Caesar Salad
Insalata Cesare

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Caesar Salad
Insalata Cesare
cookbook: Lidia's Italian-American Kitchen
main ingredients: anchovies
user comments (1)

serves: 6 servings

Pick the youngest crunchiest romaine heads you can find. Keep them crisp, before and after cleaning, in the vegetable drawer of the refrigerator. Even if you pick young, crispy lettuce, you should use only the pale-green and yellow inner leaves for this salad. But don't throw out the outer leaves. Shred them and stir them into soups, or into a pan full of sautéed fresh peas. The dressing shouldn't be too dense; it should be just thick enough to coat each leaf tightly. The cheese that is added at the end will thicken it a little. Oil and vinegar stirred in at the end is a little touch of mine. It's how we serve the salad at Lidia's Kansas City and Pittsburgh. Another little touch that looks nice on a plate is to set one or two whole romaine leaves on the plate and pile the cut leaves over it. Shaving Parmigiano-Reggiano over the finished salad looks nice and tastes nice too. It's a good thing to keep in mind for other salads as well. Traditionally, Caesar salad was made with a barely cooked egg. Here I use a hard-boiled egg, as I do in my restaurants, for safety reasons.


2 cups 1/2-inch firm textured white bread, cubed
3 heads of romaine
2 tablespoons red wine vinegar, plus more for dressing the salad
2 tablespoons fresh lemon juice
4 garlic cloves
4 anchovy fillets
⅓ cup extra-virgin olive oil, or as needed
1 tablespoons Dijon mustard
1 hard boiled egg yolk
½ teaspoon salt
½ teaspoon worcestershire sauce
freshly ground black pepper
1 cup Parmigiano-Reggiano, grated, plus a block for shaving


Heat the oven to 350 degrees F. spread the bread cubes out on a baking sheet and bake, tossing them once or twice so they cook evenly, until golden brown, about 12 minutes. Remove and cool (The croutons may be prepared up to a day in advance. If necessary, recrisp them in a 350 degree F oven for a few minutes.)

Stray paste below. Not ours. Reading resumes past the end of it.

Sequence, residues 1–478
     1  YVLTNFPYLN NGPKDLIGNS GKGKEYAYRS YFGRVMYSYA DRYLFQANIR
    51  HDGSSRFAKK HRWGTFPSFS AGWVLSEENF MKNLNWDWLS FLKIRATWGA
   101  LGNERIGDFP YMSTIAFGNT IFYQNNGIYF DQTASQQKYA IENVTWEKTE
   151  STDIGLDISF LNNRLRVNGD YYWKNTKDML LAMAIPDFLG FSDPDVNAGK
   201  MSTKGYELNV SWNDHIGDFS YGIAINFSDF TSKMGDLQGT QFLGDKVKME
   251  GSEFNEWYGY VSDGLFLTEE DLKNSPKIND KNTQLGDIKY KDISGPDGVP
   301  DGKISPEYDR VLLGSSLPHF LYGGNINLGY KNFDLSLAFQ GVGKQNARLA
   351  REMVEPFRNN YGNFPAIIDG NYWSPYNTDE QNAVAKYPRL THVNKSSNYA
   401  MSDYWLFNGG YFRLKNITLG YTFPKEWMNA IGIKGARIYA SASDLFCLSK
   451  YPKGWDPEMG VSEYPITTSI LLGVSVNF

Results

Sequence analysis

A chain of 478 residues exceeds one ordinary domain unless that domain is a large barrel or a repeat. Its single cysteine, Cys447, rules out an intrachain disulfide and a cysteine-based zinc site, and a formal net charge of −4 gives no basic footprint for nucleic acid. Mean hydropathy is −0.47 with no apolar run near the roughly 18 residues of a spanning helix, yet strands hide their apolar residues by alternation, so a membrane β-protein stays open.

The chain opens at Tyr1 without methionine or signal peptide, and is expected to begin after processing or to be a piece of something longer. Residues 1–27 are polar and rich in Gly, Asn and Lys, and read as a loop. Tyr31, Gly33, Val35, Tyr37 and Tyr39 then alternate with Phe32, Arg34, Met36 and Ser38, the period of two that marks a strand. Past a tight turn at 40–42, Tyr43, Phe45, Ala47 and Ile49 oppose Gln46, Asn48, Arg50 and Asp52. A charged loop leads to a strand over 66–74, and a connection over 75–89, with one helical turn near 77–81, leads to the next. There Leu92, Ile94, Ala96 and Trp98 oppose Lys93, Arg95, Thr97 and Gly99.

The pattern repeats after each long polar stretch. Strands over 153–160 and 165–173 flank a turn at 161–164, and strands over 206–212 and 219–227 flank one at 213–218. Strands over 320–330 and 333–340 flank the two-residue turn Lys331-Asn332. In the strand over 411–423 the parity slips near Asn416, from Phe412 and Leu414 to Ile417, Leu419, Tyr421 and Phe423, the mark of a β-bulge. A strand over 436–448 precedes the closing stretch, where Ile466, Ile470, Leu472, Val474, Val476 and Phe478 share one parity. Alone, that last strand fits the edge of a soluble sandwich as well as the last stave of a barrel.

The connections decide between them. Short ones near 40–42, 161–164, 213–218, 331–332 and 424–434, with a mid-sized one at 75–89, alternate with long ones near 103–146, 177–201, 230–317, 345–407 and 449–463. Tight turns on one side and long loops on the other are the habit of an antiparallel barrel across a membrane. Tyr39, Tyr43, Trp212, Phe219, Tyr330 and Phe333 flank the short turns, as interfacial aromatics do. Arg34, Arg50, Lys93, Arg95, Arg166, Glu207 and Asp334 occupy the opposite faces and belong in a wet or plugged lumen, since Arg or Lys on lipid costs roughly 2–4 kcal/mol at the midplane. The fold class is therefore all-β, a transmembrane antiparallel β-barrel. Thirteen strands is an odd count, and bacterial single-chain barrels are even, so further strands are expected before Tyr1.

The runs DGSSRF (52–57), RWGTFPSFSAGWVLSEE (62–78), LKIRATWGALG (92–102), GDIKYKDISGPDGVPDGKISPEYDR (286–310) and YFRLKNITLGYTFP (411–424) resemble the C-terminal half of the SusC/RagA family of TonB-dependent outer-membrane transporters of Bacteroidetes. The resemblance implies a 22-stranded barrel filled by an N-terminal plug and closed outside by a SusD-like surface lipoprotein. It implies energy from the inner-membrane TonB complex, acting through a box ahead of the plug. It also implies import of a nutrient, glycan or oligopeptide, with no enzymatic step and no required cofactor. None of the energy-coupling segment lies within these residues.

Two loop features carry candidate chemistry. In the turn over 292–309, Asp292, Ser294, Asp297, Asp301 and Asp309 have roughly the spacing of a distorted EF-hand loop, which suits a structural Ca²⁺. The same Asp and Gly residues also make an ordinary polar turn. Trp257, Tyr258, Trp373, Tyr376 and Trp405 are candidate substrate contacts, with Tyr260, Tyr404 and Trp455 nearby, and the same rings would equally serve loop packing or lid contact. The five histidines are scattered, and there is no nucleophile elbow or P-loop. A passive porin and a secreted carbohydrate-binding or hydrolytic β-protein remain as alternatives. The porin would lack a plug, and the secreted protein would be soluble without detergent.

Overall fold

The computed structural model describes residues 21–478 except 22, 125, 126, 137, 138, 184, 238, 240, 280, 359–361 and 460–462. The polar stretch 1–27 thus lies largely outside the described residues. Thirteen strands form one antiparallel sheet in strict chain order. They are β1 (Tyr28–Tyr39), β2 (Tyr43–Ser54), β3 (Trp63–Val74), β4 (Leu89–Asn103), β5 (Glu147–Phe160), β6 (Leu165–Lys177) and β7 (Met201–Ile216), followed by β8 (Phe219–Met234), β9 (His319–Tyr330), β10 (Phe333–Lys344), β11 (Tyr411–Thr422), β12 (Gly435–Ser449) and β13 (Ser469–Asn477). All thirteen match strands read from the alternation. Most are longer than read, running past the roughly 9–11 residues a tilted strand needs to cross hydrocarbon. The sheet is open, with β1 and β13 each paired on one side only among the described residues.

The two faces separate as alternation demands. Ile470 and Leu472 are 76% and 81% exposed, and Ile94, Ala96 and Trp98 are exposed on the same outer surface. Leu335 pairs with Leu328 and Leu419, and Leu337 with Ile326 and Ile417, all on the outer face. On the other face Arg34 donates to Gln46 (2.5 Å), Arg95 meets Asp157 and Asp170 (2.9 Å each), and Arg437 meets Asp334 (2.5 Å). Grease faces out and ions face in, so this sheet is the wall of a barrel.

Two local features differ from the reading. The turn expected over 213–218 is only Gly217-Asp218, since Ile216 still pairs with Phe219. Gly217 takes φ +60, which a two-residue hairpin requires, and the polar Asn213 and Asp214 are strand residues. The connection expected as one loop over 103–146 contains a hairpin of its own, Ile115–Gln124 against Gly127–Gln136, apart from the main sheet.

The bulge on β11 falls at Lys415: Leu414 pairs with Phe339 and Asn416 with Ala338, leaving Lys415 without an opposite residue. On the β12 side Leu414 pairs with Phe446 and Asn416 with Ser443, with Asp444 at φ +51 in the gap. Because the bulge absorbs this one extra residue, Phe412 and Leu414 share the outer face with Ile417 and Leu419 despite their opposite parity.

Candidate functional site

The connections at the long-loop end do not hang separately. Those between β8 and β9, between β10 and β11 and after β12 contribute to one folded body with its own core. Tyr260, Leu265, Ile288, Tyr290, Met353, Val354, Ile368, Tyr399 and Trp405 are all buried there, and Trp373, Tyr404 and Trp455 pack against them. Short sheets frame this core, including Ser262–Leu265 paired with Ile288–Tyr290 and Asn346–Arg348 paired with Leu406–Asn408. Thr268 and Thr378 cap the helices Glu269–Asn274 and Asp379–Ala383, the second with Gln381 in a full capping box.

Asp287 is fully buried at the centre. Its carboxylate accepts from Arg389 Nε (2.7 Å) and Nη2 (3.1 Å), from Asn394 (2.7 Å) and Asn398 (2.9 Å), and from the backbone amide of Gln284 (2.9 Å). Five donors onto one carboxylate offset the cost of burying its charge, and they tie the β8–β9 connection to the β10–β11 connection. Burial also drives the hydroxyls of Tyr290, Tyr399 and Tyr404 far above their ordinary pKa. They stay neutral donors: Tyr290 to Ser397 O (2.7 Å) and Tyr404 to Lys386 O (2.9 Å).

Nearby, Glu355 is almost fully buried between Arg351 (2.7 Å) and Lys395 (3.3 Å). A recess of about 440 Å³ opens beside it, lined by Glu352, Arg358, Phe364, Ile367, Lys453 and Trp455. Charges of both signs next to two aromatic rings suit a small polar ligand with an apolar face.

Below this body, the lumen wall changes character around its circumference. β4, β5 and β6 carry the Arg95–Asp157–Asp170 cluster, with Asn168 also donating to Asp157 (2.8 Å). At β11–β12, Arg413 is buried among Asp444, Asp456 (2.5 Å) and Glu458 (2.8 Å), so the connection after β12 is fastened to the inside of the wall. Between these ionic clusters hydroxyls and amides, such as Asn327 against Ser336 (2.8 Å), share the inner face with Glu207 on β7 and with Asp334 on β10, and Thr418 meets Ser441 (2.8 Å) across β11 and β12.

If using whole heads of romaine lettuce, remove the darker outer leaves to expose the pale-green center. Reserve the outer leaves for another use, if you like. Cut out the core and separate the hearts of romaine into individual leaves. Wash the leaves in a sink of cool water and drain them well, preferably in a salad spinner. Place the leaves in a large bowl, cover them loosely with damp paper towels, and store in the refrigerator for up to 8 hours.

Combine 2 tablespoons vinegar, the lemon juice, garlic, and anchovies in a blender or the work bowl of a food processor. Blend until smooth, adding some of the 1/3 cup olive oil if there isn't enough liquid to move the mixture around the blender jar. Add the mustard, hard-boiled egg yolk, salt, Worcestershire sauce, pepper, and remaining, olive oil if any. Blend until smooth and creamy. Taste the dressing; if it's a little too tangy, pour in a splash or two of olive oil and blend until it's incorporated.

Stack the leaves in a large, preferably wooden serving bowl. Bring the bowl to the table and, using a salad fork and spoon, cut the leaves into 1-inch pieces, as used to be done tableside at Italian-American restaurants. (Of course, you can cut the leaves with a knife beforehand.) Pour the dressing over the salad, add a splash of vinegar and a healthy splash of olive oil, and toss until all the leaves are coated with dressing. Toss in the croutons and ground black peppers to taste. Lastly (so it doesn't clump), sprinkle the grated cheese over the salad, tossing as you add. Serve on chilled plates and, with a vegetable peeler, shave some of the block of Parmigiano-Reggiano over each serving.

Lidia's Italian American Kitchen

One of Lidia's most personal and instructive cookbooks, "Lidia’s Italian-American Kitchen", focuses on Lidia’s own experience in America, and her connection in Italian-American cuisine. It is the story of how Italian-American cooking is a cuisine born of adaptation and necessity, created by new immigrants who tried to recreate the flavors of their homeland using whatever American ingredients they had access to.

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